Where in Israel do you live and is there a special reason you live there?
My family and I live in Efrat. We lived in Beit Shemesh for two years when we first arrived, but then decided to look around a bit before deciding where to buy a house. Efrat is a nice size (about 9000 souls), mostly religious, close to Jerusalem, and except for the Golan Heights, has the most pronounced seasons in Israel. (We like a cold winter to balance the hot Middle Eastern summers.) We were able to get more house for our money here than in most other places we looked (on both sides of the “green line”) and while we are aware that tensions flare occasionally between Jews and Arabs, the vast majority of the time relations here between the two peoples are civil. We lack the shrines and holy sites of Hebron and Jerusalem in Efrat, but it is believed that Rachel gave birth to Benjamin in the northern neighborhood of Zayit (before dying and being buried in Bethlehem); a path believed to have been the path Abraham followed with Isaac to the site of Isaac’s binding passes near us; David is believed to have tended sheep around here; and a major battle between the Jews and the Assyrian Greeks was pitched across Route 60 from us on the site where the town of Elazar is located. This area, called Gush Etzion, was Jewish before 1948, and is an established cluster of Jewish settlements now.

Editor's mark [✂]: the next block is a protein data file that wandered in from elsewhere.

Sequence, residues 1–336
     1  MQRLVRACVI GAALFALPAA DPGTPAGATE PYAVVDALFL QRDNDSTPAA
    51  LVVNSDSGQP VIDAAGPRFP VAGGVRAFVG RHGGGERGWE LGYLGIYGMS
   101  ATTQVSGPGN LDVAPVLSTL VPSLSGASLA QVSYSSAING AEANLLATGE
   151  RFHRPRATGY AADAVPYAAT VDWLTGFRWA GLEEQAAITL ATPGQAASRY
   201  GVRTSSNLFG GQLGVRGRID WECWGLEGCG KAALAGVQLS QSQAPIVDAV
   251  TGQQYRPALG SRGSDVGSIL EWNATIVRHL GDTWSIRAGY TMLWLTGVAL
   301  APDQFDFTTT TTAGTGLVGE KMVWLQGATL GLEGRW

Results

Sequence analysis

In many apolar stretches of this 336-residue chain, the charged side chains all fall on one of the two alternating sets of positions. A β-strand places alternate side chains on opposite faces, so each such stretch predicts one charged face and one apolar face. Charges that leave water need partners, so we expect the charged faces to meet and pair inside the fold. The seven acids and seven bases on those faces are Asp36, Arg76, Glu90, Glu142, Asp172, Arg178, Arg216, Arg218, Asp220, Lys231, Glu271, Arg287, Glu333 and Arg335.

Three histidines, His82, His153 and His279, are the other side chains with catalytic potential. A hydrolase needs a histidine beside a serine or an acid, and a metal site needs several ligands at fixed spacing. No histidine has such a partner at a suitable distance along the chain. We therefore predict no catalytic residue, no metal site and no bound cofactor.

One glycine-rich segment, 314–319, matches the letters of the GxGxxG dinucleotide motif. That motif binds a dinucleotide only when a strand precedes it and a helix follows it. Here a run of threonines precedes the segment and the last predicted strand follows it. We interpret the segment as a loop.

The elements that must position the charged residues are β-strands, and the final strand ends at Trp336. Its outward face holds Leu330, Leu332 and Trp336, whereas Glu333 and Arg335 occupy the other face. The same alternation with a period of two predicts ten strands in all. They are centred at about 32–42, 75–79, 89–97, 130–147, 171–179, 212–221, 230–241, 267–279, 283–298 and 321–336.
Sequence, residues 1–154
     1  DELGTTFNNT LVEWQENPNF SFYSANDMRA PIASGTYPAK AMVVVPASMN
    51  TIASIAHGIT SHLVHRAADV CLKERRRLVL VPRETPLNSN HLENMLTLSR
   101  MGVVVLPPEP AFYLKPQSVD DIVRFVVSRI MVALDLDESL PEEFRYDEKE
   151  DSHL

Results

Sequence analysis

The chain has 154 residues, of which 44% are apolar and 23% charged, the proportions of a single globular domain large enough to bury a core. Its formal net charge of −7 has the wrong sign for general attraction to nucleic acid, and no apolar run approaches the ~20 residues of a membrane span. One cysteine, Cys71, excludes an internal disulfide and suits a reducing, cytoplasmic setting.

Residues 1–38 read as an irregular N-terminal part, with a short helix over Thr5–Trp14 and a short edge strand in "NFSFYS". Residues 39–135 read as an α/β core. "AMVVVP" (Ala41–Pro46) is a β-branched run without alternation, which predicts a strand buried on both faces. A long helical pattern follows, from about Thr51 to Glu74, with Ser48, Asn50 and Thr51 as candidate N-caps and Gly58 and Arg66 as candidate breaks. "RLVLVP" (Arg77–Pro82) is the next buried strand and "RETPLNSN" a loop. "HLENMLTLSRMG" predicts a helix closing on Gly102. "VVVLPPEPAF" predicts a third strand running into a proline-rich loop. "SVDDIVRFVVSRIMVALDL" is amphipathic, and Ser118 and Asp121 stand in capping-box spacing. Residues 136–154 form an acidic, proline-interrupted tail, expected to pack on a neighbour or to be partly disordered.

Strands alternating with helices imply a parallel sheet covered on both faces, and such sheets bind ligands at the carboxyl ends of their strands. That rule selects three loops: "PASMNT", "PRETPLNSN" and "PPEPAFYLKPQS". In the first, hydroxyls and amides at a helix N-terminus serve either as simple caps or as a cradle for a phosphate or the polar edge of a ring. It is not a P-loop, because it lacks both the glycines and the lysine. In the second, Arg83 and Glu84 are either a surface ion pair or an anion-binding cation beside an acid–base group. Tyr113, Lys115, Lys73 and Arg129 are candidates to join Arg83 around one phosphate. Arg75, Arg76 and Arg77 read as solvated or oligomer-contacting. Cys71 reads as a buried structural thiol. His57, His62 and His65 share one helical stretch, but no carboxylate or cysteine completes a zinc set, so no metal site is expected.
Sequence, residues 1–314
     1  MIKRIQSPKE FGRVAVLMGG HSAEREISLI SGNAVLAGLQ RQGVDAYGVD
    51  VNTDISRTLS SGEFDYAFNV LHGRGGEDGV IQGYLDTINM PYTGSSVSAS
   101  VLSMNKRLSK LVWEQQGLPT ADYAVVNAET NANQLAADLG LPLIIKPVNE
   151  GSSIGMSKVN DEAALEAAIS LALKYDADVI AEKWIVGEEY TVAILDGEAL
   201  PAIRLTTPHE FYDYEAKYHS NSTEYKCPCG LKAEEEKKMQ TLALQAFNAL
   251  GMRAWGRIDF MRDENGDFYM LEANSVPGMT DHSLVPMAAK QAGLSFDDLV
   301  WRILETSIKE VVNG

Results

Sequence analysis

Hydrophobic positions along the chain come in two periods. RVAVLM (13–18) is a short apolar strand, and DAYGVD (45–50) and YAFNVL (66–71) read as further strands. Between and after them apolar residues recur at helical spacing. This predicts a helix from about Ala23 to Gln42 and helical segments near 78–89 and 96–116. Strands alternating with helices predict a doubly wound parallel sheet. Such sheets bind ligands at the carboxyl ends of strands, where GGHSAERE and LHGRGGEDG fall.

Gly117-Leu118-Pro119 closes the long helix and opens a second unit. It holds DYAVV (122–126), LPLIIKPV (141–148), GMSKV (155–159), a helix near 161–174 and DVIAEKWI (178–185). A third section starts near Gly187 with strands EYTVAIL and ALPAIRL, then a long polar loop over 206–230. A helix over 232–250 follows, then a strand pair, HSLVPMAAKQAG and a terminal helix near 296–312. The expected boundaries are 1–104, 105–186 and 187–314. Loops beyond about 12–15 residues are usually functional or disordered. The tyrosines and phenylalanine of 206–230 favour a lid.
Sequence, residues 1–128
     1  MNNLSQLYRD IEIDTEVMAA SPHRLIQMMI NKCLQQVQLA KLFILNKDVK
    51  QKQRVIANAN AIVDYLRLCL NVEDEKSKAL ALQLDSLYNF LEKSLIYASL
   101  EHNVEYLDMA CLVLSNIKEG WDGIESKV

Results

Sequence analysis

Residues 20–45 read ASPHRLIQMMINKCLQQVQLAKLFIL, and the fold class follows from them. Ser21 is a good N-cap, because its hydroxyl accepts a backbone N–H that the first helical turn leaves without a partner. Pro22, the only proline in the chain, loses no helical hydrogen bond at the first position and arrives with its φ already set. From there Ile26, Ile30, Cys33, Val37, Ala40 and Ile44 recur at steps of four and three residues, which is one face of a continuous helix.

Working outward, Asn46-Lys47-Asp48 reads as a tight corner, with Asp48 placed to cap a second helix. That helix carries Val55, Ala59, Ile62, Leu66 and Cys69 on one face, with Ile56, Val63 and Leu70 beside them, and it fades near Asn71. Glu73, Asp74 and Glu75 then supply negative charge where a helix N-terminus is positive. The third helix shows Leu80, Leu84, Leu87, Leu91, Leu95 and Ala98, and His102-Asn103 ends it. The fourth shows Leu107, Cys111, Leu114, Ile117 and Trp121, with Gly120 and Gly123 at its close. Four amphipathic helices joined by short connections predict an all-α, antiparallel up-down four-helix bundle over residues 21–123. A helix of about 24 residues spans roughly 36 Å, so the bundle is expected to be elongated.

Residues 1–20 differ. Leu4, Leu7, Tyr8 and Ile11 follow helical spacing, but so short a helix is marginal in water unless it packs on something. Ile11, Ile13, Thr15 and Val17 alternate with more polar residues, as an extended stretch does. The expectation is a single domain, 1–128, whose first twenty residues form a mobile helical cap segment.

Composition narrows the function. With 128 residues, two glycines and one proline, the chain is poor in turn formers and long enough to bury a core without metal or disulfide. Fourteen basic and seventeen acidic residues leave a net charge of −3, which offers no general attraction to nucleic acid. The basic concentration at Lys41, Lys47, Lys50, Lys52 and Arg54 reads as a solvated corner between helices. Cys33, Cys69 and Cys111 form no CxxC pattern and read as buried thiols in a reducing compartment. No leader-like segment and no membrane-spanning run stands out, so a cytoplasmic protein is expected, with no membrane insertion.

When and why did you start blogging?
I was invited to join a group of bloggers at JewsByChoice back in March of 2008 after leaving a few comments on their posts. I wrote weekly posts for them from the perspective of an Orthodox convert and an Israeli for several months before the blog went into hibernation the following October. At that point I struck out on my own.
Have you been surprised by the way your blogging activity has evolved over the years?
I’ve only been blogging solo for 17 months. My readership appears to be growing slowly, but I’m still pretty small-time. While I admire Treppenwitz and Jameel at the Muqata, I imagine that that degree of prominence also puts pressure on the blogger to post frequently and at a very high level of quality, and I’m not sure I would want that pressure in my life right now.
Writing for me has been a compulsion since I was a child, and an overabundance of opinions about politics, parenting, Zionism, the English language, and pretty much everything else has only fueled that compulsion. I will write as long as my fingers can find the keys on the keyboard, and I’m grateful to anyone who takes the time to read what I write.